Yet another article from the camp of the IQ denialists that “IQ tests are flawed“. The past 100 years in psychometrics say otherwise. If IQ tests were so flawed, then it wouldn’t be illegal for employers to administer IQ tests to their applicants. If IQ tests were so flawed, then the Army and other branches of the US military wouldn’t use the ASVAB, and other similar tests like it, to see where to put people who join the military.
1. Criticism by Prof. Stephen Jay Gould of Harvard
Stephen Jay Gould, an evolutionary biologist, paleontologist, and a historian of science, had spent a considerable amount of time as a professor at Harvard, denied the accuracy of IQ test in his book, The Mismeasure of Man (1981). According to the arguments put forward by Gould, the human intelligence is not just a single entity which could be measured in terms of mathematical number or be graded according to score.
It’s 2016, and people are STILL citing Steven Jay Gould? Yes, he may have denied the accuracy of IQ tests in his book The Mismeasure of Man, but he put forth ideas that Rushton refuted, and Jensen did as well. He attempted to assassinate the character of Samuel Morton saying that Morton fudged the data on his skull collection (which took 30 years to be officially debunked). Rushton refuted that point in his paper I linked above, 15 years before Lewis et al showed that Gould did show huge biases when remeasuring Morton’s skull collection (biased by his political views [Marxism]). By the time of Morton’s death, 867 skulls were collected. This quote says it all, really:
Having never bothered to check Morton’s measurements, Gould allowed his own perception—that Morton was a racist and therefore a suspect scientist—to influence his own analysis of Morton’s science! (emphasis mine)
2. Various factors may affect the performance in the test
An IQ test measures the intelligence of a person based on the result of the performance of the person on a particular day. The very next, the person may not perform well and there could be various reasons behind it such as emotional or health conditions or even the atmosphere of the test room.
Also, a person who is not educated will not be able to take the test the same way as an educated person.
Let’s take a look at the link this person linked:
Socioeconomic status (SES)
Children who are raised in poverty are severely limited in their intellectual potential by their environment (Turkheimer, Haley, Waldron, D’Onofrio, & Gottesman, 2003).
IQ is the cause for SES.
Turkheimer did find gene x environment interactions that made genetic influences weaker and shared environment stronger for those from poorer homes in comparison to those from more affluent homes. Though most studies show no interaction effects, or interactions vary significantly. Rushton and Jensen have this to say about it:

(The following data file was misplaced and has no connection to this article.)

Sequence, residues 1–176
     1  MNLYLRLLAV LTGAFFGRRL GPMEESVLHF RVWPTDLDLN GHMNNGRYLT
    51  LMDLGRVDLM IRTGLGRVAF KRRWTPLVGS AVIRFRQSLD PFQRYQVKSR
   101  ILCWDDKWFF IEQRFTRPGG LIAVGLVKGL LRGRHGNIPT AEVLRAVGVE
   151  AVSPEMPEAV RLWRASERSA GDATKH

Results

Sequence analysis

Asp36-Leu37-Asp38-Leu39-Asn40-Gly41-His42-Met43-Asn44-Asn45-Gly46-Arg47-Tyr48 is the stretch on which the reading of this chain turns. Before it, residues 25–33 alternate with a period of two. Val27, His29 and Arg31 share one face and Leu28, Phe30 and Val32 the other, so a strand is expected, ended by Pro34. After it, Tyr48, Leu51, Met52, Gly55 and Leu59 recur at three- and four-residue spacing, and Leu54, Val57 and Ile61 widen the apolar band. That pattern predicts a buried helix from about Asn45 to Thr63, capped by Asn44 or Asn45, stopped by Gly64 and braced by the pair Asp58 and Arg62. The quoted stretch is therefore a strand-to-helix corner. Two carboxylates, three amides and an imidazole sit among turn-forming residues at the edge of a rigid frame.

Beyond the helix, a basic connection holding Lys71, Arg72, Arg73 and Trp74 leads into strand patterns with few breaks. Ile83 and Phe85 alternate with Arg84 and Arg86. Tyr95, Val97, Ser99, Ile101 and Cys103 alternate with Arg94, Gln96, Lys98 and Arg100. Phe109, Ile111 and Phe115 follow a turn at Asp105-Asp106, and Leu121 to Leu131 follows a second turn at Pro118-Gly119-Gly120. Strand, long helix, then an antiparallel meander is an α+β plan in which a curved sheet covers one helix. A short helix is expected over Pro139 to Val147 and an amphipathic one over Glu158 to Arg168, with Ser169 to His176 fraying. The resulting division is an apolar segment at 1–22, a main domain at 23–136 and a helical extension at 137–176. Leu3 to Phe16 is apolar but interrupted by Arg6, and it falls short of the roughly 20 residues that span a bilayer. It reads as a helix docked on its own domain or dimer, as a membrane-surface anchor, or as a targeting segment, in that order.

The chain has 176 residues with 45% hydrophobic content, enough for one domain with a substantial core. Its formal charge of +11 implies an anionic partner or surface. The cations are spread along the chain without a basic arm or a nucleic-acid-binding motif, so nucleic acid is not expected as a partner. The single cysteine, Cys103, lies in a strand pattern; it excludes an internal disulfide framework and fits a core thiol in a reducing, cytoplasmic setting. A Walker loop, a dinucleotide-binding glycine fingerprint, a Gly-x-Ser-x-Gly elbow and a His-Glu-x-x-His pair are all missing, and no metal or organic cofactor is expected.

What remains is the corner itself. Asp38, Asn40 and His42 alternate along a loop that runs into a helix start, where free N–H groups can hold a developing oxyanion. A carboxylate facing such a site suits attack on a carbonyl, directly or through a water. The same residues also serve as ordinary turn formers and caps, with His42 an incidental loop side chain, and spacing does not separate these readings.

The Turkheimer et al. study that Nisbett cites is an outlier. In Britain, the exact opposite of Turkheimer’s result was found in over 2,000 pairs of 4-year-old twins (N = 4,446 children), with greater heritability observed in high-risk environments. A re-analysis of the Hawaii Family Study of Cognition also found contrary results to Turkeimer’s. Nagoshi and Johnson found no reduction in the relationship between parental cognitive ability and offspring performance in families of lower as opposed to upper levels of socioeconomic status. In the 1,349 families they studied, the relationship remained the same across tests, ethnicity, and sex of offspring. (emphasis mine)
Heritabilities are the same, within or between race and ethnicity.
Opponents of this view argue that scores on intelligence tests can be influenced by many nonintellectual factors, such as years of schooling, SES, and familiarity with the culture for whom the test was written. Researchers have in fact shown that when any one of these factors is manipulated, IQ changes (Grissmer, Williamson, Kirby, & Berends, 1998).
Not at all. How are years of schooling a nonintellectual factor? “Familiarity with the culture for whom the test was written” is not true. Hundreds of years of IQ testing attest to this. SES, well yes. On average if you test those from high SES homes, they will have higher IQs than those from lower SES homes as IQ is one of the best predictors of whether or not you’ll be high or low SES.
3. There is no such thing as a fixed IQ – the thing about Flynn Effect
Even if the results of an IQ test are considered as a means to measure a person’s intelligence, the IQ may not remain the same throughout his life. With some practice, the same person who has scored poorly now can score really well the next time he or she appears for the test.